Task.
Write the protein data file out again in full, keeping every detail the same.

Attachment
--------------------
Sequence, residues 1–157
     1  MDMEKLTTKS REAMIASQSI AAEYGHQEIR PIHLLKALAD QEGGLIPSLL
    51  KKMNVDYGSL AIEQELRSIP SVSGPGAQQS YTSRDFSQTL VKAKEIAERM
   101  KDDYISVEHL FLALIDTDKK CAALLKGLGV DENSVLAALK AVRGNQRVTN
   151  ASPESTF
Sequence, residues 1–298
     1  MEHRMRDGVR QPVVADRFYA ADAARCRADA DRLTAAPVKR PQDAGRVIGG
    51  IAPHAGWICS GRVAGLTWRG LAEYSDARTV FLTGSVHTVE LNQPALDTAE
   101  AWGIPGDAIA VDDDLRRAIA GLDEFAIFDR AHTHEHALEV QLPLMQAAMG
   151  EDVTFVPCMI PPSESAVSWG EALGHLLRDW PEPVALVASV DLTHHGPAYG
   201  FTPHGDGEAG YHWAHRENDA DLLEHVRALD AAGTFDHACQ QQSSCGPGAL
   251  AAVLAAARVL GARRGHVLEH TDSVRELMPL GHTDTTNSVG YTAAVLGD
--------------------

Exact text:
Sequence, residues 1–157
     1  MDMEKLTTKS REAMIASQSI AAEYGHQEIR PIHLLKALAD QEGGLIPSLL
    51  KKMNVDYGSL AIEQELRSIP SVSGPGAQQS YTSRDFSQTL VKAKEIAERM
   101  KDDYISVEHL FLALIDTDKK CAALLKGLGV DENSVLAALK AVRGNQRVTN
   151  ASPESTF
Sequence, residues 1–298
     1  MEHRMRDGVR QPVVADRFYA ADAARCRADA DRLTAAPVKR PQDAGRVIGG
    51  IAPHAGWICS GRVAGLTWRG LAEYSDARTV FLTGSVHTVE LNQPALDTAE
   101  AWGIPGDAIA VDDDLRRAIA GLDEFAIFDR AHTHEHALEV QLPLMQAAMG
   151  EDVTFVPCMI PPSESAVSWG EALGHLLRDW PEPVALVASV DLTHHGPAYG
   201  FTPHGDGEAG YHWAHRENDA DLLEHVRALD AAGTFDHACQ QQSSCGPGAL
   251  AAVLAAARVL GARRGHVLEH TDSVRELMPL GHTDTTNSVG YTAAVLGD